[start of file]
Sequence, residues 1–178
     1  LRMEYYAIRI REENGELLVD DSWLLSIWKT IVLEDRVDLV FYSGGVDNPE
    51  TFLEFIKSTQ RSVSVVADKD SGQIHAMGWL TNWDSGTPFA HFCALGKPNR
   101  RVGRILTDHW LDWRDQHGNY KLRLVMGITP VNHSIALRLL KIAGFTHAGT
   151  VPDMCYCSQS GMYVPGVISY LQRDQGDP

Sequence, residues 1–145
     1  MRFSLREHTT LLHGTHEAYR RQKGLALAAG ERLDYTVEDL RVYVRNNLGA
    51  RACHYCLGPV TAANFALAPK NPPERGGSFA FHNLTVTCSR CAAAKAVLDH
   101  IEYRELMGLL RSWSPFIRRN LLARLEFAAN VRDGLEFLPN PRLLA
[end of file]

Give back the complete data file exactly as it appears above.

Sequence, residues 1–178
     1  LRMEYYAIRI REENGELLVD DSWLLSIWKT IVLEDRVDLV FYSGGVDNPE
    51  TFLEFIKSTQ RSVSVVADKD SGQIHAMGWL TNWDSGTPFA HFCALGKPNR
   101  RVGRILTDHW LDWRDQHGNY KLRLVMGITP VNHSIALRLL KIAGFTHAGT
   151  VPDMCYCSQS GMYVPGVISY LQRDQGDP

Sequence, residues 1–145
     1  MRFSLREHTT LLHGTHEAYR RQKGLALAAG ERLDYTVEDL RVYVRNNLGA
    51  RACHYCLGPV TAANFALAPK NPPERGGSFA FHNLTVTCSR CAAAKAVLDH
   101  IEYRELMGLL RSWSPFIRRN LLARLEFAAN VRDGLEFLPN PRLLA